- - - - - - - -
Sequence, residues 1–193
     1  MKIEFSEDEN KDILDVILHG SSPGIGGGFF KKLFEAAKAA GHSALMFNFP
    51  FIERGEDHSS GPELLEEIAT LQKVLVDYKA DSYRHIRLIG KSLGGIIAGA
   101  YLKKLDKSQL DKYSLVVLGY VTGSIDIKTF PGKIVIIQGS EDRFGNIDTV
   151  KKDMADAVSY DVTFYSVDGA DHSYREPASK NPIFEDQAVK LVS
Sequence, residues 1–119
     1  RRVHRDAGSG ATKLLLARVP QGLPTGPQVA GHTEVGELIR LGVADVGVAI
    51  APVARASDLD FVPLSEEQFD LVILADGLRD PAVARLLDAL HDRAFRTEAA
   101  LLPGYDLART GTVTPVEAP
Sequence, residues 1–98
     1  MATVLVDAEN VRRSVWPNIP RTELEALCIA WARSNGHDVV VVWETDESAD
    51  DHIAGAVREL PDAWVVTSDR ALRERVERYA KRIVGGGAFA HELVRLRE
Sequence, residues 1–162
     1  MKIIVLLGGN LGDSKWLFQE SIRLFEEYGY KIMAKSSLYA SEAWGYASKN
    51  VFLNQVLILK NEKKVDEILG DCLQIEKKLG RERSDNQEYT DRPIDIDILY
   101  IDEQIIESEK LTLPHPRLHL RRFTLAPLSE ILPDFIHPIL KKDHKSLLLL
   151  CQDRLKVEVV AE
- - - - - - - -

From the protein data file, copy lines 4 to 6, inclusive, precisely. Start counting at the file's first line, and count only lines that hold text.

   101  YLKKLDKSQL DKYSLVVLGY VTGSIDIKTF PGKIVIIQGS EDRFGNIDTV
   151  KKDMADAVSY DVTFYSVDGA DHSYREPASK NPIFEDQAVK LVS
Sequence, residues 1–119